One of our favorite authors here at I’m Your Neighbor is Randa Abdel-Fattah. Her books Does My Head Look Big In This? and Ten Things I Hate About Me give terrific insight to the lives of teenage girls growing up Muslim in a Western society. Her characters face challenges as they try to balance their faith and culture with typical high school issues like dating, alcohol and social image.
Abdel-Fattah handles sensitive topics like the wearing of the hijab (the headscarf) excellently and readers walk away from her novels with a better understanding of Muslim culture. We highly recommend purchasing or borrowing one of her books, especially if you are interested in the viewpoints of characters of Muslim and Middle Eastern descent.
Abdel-Fattah’s bio for I’m Your Neighbor speaks to the change immigrant communities have brought all over the world and what she hopes her books achieve in breaking down the stereotypes perceived by those outside the culture.
Zoos, Cages, Parades
By Randa Abdel-Fattah
School playgrounds are no longer mono-cultural. They’re melting pots of cultures, races and faiths. So how do teenagers from minority communities negotiate their existence and identity when they’re burdened by stereotypes and prejudices? And how do teenagers who don’t conform to popular culture’s so-called role models of beauty and lifestyle find the strength to be true to themselves? These are the kinds of questions I try to explore in Does My Head Look Big In This? and Ten Things I Hate About Me. Whether it’s Amal, who has decided to wear the hijab, or Timothy, who refuses to conform just to fit in with the popular crowd, or Simone, who wants to be thin, or Jamilah, who lives a double life to avoid people knowing about her background, I’m interested in the pressures teenagers have to cope with in trying to find their identity.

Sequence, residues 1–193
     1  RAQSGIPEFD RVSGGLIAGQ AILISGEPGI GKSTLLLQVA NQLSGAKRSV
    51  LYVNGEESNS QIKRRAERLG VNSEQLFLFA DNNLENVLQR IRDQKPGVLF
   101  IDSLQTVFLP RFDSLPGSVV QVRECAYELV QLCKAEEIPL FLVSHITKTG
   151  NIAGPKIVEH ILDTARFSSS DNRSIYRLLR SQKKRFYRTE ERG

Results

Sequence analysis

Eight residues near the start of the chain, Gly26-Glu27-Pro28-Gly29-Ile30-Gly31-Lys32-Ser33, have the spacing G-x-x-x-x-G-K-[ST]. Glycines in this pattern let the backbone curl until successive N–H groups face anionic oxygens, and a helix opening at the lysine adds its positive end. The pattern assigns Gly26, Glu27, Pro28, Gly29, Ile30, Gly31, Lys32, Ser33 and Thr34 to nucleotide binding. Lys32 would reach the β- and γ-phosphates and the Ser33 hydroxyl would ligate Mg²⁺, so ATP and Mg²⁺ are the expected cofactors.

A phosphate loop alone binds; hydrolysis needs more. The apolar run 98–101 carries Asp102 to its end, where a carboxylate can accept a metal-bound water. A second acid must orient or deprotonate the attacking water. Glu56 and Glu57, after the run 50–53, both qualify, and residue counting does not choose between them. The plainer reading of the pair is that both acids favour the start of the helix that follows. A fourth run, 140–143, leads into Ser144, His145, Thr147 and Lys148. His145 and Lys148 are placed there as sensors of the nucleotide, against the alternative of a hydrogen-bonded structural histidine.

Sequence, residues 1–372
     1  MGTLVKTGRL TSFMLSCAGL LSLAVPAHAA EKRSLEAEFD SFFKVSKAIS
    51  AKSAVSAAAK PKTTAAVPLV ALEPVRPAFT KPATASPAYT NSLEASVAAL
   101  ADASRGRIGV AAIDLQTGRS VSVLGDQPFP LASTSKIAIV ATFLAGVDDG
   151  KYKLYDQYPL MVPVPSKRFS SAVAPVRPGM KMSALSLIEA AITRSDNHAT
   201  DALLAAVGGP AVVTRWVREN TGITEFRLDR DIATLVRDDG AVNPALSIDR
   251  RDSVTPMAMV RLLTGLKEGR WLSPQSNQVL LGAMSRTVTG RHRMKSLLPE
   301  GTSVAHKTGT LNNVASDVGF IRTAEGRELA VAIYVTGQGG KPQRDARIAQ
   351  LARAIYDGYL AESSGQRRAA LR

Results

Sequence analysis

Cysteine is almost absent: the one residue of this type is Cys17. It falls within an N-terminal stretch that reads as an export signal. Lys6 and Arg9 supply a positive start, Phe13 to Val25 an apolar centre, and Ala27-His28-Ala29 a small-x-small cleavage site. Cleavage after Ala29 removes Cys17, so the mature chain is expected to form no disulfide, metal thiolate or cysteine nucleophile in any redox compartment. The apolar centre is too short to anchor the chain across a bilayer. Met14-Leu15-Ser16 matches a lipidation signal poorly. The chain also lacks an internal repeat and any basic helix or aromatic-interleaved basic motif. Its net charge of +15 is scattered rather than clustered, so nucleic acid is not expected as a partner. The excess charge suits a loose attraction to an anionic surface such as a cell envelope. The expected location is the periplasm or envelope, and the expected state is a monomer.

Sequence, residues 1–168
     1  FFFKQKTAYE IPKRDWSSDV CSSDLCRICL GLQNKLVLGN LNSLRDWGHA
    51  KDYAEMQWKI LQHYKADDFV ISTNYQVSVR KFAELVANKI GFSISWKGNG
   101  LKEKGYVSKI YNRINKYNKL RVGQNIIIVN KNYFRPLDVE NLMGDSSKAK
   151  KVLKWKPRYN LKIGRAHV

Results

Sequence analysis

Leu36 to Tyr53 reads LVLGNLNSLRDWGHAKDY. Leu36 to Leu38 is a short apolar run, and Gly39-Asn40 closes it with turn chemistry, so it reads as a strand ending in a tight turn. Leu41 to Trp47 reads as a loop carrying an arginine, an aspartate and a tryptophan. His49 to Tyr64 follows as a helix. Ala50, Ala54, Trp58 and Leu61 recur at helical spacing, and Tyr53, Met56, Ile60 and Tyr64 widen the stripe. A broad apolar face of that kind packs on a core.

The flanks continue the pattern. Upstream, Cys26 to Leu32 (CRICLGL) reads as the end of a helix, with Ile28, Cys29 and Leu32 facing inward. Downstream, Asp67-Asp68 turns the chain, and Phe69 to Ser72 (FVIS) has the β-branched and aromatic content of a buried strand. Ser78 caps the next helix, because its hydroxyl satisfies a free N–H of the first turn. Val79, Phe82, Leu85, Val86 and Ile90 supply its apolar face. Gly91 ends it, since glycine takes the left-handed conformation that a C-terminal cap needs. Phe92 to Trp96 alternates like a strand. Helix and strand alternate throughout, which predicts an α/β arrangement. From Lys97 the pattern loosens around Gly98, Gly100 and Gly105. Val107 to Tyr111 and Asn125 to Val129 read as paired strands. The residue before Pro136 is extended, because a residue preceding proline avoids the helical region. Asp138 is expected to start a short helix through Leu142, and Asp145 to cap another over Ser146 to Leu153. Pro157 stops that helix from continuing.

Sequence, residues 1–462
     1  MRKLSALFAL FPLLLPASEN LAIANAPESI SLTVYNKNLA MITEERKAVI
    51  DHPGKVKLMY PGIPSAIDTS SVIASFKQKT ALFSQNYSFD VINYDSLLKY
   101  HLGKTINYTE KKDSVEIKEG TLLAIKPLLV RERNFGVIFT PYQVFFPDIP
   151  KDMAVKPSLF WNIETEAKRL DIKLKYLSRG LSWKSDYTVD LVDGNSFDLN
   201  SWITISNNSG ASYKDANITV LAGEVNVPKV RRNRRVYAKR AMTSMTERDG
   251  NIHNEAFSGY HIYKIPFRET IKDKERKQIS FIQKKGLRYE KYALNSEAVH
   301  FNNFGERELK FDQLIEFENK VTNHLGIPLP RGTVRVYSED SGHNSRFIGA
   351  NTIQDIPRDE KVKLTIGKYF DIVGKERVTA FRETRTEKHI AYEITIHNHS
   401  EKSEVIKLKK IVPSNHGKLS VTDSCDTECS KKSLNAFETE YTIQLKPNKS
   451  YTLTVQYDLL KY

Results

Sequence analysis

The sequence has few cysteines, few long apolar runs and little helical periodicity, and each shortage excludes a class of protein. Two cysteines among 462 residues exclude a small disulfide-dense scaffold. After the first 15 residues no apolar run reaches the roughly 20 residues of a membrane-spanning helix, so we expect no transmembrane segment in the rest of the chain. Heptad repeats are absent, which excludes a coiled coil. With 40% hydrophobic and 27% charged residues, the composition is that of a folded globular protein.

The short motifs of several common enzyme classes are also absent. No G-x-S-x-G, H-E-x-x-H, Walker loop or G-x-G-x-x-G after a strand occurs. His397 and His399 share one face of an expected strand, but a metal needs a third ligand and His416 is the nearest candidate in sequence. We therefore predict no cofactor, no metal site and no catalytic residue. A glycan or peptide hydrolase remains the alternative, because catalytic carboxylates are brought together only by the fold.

“Nappy-head”. “Towel-Head.” “Terrorist”. For Muslim teenage girls who wear the hijab, and are therefore immediately identifiable as Muslims, the main struggle is to live against the perception that you are oppressed or part of a threatening ‘other’. It’s exhausting to always be on the defensive, resisting a stereotype of victimhood, especially when you’re a teenager trying to figure out who you are! I wrote Does My Head Look Big In This? and Ten Things I Hate About Me because I wanted to explore characters who are really struggling to figure out who they are and fit in. Some of them feel like they’re living in a zoo: locked in the cage of other people’s stereotypes, prejudices and judgments, on parade to be judged! Others want to be accepted for who they are, but can’t even accept themselves. Ultimately, my characters are learning that if they want the respect of others, they have to have self-respect first.